#5: Habitual Blessing Giver
Diane and I had the privilege to speak a special blessing over all but one of our nine grandchildren in the hospital room soon after their birth. We have since written and spoken numerous other blessings over them through the years. Why do we do it? Because we believe spoken blessings make a major impact upon their lives. Their parents also need our blessing.
When God commanded Moses to tell Aaron to speak a specific blessing over Israel (Numbers 6:22-26), He had a reason for doing so. It was to remind them that His name was upon them and because of that, He would bless them. A blessing spoken with sincerity on God’s behalf has the power to change how someone thinks of himself/herself when they realize God’s name is upon them as His child.
Other than the Numbers command to Aaron and his sons, there is no other Scripture passage where we are commanded to practice the spoken blessing in our families. There is, however, substantial evidence that the blessing is important to God. Consider these passages:
- The first act of God after He created man and woman was to bless them and give them a purpose (Genesis 1:27-30).
- The Patriarchs—Abraham, Issac, Jacob—all spoke blessings over their children and grandchildren as an important way of communicating how God’s promises would be passed generation to generation.
- Jesus forbade His disciples, or anyone, from keeping the children from Him. In fact, He gathered them to Himself, put His hands on them and blessed them in front of everyone (Mark 10:14-16).
- The Father spoke an amazing blessing over His Son, twice – once at His baptism; the other at the Transfiguration. Pay attention to the words of blessing the Father spoke: “You are my Son, whom I love; with you I am well pleased” (Mark 1:11). He spoke very similar words in Mark 9:7: “This is my Son, whom I love. Listen to Him!” What child wouldn’t want to hear those words from a father or grandfather?
Now, I don’t know about you, but these few examples are enough for me to realize that this matter of speaking blessing is huge. Paul comments about the importance of not letting any “unwholesome talk come out your mouths, but only what is helpful for building other up according to their needs, that it may benefit those who listen” (Ephesians 4:29).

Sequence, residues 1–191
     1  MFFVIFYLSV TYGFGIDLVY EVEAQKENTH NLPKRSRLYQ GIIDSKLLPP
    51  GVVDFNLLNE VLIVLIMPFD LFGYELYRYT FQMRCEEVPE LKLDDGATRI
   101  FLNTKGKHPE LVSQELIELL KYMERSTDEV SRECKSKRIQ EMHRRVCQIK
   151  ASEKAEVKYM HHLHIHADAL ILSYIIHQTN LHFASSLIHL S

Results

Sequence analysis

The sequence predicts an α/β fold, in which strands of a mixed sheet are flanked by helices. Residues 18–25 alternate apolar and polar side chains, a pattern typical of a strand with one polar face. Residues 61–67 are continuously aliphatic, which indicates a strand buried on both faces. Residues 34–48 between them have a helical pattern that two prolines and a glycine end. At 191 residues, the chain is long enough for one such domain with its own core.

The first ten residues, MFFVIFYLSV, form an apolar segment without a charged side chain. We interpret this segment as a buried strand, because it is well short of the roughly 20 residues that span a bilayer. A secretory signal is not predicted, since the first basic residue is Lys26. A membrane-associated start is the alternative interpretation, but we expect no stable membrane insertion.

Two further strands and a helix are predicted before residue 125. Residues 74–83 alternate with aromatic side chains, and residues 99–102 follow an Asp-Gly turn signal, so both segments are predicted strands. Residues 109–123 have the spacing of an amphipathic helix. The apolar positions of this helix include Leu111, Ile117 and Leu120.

Our words matter, and when we deliberately and habitually speak blessing into the lives of our adult children (and their spouses), something transformational is possible. We become conduits of God’s transforming power to change hearts and mend broken relationships.
THREE VITAL COMPONENTS
Let me suggest three vital components of a spoken blessing:
- Meaningful Touch: A hand on the head or shoulder, or holding the other’s hand as you speak makes it intensely personal. Touch communicates identity and value; it closes the distance between the giver and receiver; it expresses intimacy, something frequently missing in today’s relationships.
- A Specific Message: A blessing is a reminder of the high value each of us has as an image-bearer of our Maker. It also should affirm God’s plan for a purposeful future (Ephesians 2:10). Our lives have meaning and purpose.
- A Personal Commitment: The one who speaks the blessing is committing to being there for them as long as God give us breath. It is a commitment to be actively involved and supportive, dedicated to fervently pray for them.
Humility and gentleness combined with patience and restraint, compassionate forgiveness, an unwavering commitment to peacemaking, and the practice of speaking blessing—these are the secure handholds God will use to help us scale the mountain of family conflict. Conflict is the fruit of pride, unforgiveness, impatience, bitterness, and unkind words. There is a better way—five ways, actually—with the power mend and restore those relationships. They are also amazing ways to keep good relationships strong.
GRANDPAUSE: The blessing doesn’t stop the storm, but it shelters you under it. –Tony Evans